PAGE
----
Advice to Senior ManagementYou really need to make building a consistent SDLC process based on industry standard best practices and designing a productive, modern tool chain C-suite priorities. The CTO should be all over the problem of enforcing a consistent standard tool chain and process for all the stages of software development and release. And the SQA situation needs a czar level authority who understands exactly what SQA is and how to build it because, at the moment, it is a hot mess and no one seems to understand why SQA is important and how to make it good here.

    No, I would not recommend this company to a friend

    • Culture & Values
    • Work/Life Balance
    • Senior Management
    • Comp & Benefits
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    • Approves of CEO

    1 person found this helpful  

    average

    Software Engineer (Current Employee) Cambridge, MA

    Prosflexible hours, unlimited time off, long vacations, weekly tech talks, good salary and benefits

    Consdated technology, not the most exciting projects

    No, I would not recommend this company to a friend

    • Culture & Values
    • Work/Life Balance
    • Senior Management
    • Comp & Benefits
    • Career Opportunities
    • Approves of CEO

     

    Could use some improvement

    Performance Engineer (Former Employee) Cambridge, MA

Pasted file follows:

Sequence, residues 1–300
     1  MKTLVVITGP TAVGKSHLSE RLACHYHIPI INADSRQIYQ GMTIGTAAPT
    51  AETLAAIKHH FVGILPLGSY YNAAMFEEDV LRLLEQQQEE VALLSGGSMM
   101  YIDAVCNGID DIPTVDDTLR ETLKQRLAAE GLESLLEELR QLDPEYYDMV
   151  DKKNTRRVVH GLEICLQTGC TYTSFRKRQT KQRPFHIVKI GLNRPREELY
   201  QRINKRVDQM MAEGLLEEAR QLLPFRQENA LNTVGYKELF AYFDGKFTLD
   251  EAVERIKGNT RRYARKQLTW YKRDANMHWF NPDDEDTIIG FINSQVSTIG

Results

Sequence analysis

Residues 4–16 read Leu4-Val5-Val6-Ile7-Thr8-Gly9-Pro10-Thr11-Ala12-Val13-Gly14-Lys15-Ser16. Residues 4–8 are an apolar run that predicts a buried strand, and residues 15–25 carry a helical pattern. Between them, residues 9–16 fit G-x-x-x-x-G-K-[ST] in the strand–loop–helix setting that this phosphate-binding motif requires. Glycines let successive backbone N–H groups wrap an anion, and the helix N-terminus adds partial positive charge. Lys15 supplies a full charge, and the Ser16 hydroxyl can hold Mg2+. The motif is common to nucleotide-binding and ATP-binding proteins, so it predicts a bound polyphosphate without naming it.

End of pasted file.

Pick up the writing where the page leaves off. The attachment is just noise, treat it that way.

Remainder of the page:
ProsLocation. Not great, but good benefits. Flexible schedule.

    ConsToo much politics. Immature management staff; promoted based on tenure and not necessarily direct or true experience. Silly tchotchkeys. Poor hiring talent. Awful, actually.

    Advice to Senior ManagementStop enforcing strict quotas on hiring and hire better qualified professionals who don't require the level of on-boarding the company is trying to achieve. This is OK for interns, but seasoned professionals? Less politics, more accountability.

    No, I would not recommend this company to a friend

    • Approves of CEO

    1 person found this helpful  

    It's nice

    Anonymous Employee (Current Employee)

    Prosgood place to work. Engineering is full of great talent and great people.

    ConsReally not much here. ParaTechnical roles such as product architects may slow things down and do make bad decisions often.